Since most benzodiazepines are legal in the United States (with a prescription), it’s easy to get your hand on these pharmaceutical drugs. Research from the National Institute on Drug Abuse also shows that 20% of benzo misusers get the pills from their doctors. The other 80% typically receive benzodiazepines from family and friends (i.e., sharing prescriptions). Scientists recommend that doctors continuously monitor anyone with a benzodiazepine prescription for signs of misuse.

Benzos are also relatively affordable compared to other commonly-used drugs. And just because you have a prescription doesn’t mean you can’t become an addict. In addition, pop culture often glamorizes benzodiazepines, catching the attention of teenagers and young adults. There’s no doubt that benzo addiction is here to stay, so it’s essential for individuals to find an accommodating treatment facility that can support their needs and help them kick their addictions.

When Should You Seek Treatment For Benzo Addiction?

Taking benzos as prescribed doesn’t mean you need substance abuse treatment. In fact, benzodiazepines are highly effective at treating acute anxiety. However, there’s a fine line between healthy benzo use and addiction. For example, those addicted to benzodiazepines find that they can’t function without taking their benzo of choice. They may notice withdrawal symptoms, such as brain fog, irritability, and sleep disturbances.

Taking non-prescribed benzos is extremely dangerous as these pills may have high doses or traces of other illicit drugs (i.e., fentanyl). Moreover, individuals with a severe benzo addiction need more pills than their prescription can supply. Therefore, they turn to the street to fuel their addiction and purchase benzos from unreputable sources.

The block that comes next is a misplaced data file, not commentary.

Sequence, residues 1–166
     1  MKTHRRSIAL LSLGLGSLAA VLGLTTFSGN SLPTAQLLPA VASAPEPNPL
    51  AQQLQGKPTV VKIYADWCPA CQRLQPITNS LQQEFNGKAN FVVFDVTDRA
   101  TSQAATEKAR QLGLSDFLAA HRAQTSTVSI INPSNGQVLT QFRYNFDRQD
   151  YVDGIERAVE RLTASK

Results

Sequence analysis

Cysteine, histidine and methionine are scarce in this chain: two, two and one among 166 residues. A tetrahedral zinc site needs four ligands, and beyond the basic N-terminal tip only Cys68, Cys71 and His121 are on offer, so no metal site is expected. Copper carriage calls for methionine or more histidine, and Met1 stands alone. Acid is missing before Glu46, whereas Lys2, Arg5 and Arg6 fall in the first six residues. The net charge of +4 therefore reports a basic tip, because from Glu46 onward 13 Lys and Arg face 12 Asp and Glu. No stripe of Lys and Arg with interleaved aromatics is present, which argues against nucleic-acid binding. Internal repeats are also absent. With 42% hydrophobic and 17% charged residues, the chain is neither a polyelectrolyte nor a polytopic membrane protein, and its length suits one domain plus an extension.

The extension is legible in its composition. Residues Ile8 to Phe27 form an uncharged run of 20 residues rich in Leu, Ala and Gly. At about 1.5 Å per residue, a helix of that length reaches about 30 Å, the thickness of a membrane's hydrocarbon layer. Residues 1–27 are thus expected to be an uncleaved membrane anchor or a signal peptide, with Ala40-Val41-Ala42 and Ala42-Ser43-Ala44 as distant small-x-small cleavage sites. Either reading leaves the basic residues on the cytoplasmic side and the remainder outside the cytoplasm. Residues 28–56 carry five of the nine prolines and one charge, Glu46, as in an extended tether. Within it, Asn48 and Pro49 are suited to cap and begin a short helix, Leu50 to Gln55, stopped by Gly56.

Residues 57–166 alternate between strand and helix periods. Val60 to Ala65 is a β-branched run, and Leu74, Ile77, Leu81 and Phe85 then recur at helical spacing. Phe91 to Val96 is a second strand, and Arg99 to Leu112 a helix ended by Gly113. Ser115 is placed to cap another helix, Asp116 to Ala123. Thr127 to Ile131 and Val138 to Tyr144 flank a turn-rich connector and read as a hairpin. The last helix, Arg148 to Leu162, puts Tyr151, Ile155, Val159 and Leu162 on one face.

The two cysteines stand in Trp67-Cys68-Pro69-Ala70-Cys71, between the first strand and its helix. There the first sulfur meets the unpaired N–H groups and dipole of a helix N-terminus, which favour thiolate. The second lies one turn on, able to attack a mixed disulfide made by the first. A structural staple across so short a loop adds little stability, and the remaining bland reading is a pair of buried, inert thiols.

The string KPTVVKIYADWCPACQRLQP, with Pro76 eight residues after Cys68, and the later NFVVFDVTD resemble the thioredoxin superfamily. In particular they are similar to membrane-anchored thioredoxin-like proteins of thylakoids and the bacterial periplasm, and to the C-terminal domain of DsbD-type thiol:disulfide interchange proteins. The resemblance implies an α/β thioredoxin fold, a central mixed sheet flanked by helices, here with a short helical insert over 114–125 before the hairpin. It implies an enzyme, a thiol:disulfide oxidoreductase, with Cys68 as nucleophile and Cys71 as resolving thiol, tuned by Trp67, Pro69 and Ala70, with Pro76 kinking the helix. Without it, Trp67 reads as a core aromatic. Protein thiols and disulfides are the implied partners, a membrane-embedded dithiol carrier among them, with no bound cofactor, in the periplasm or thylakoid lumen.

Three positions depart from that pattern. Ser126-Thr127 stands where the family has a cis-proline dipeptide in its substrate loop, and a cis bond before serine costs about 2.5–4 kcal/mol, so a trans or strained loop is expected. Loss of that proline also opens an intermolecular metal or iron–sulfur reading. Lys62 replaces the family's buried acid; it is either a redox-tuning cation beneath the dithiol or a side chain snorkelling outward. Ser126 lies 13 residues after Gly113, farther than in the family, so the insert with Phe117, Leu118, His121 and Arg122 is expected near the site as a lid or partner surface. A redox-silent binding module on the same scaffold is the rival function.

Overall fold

You should seek treatment for benzo addiction if you’re taking the drug more than prescribed or notice that the benzodiazepines are negatively impacting your life. For example, benzos can hinder your performance at school or work, damage your relationships, and cause financial problems. But, need not worry – it’s never too late to seek help, no matter how lost you feel. Although curbing a benzo addiction is challenging, it’s entirely doable with the help of licensed professionals.

You should never stop a benzo addiction without professional care. Withdrawal side effects can be deadly, and you should have a plan in place to help your body flush benzos. Our Florida detox center is perfect for easing off benzos under 24-7 supervision. You’ll work with our team to create a personalized treatment plan, including medicinal remedies that help manage withdrawal symptoms.

Are You Ready To Put An End To Your Addiction?

Although benzodiazepine addiction is a serious concern in the United States, not every rehabilitation center has the resources to treat individuals suffering from benzo abuse. United Recovery Project offers holistic and judgment-free care at our South Florida rehab center. We have state-of-the-art facilities and luxurious accommodation that facilitates recovery. Contact us today to

CALL US 833.525.0166

learn more about our benzodiazepine addiction treatment program. It’s time to put benzodiazepine abuse behind you and take the first steps toward sobriety!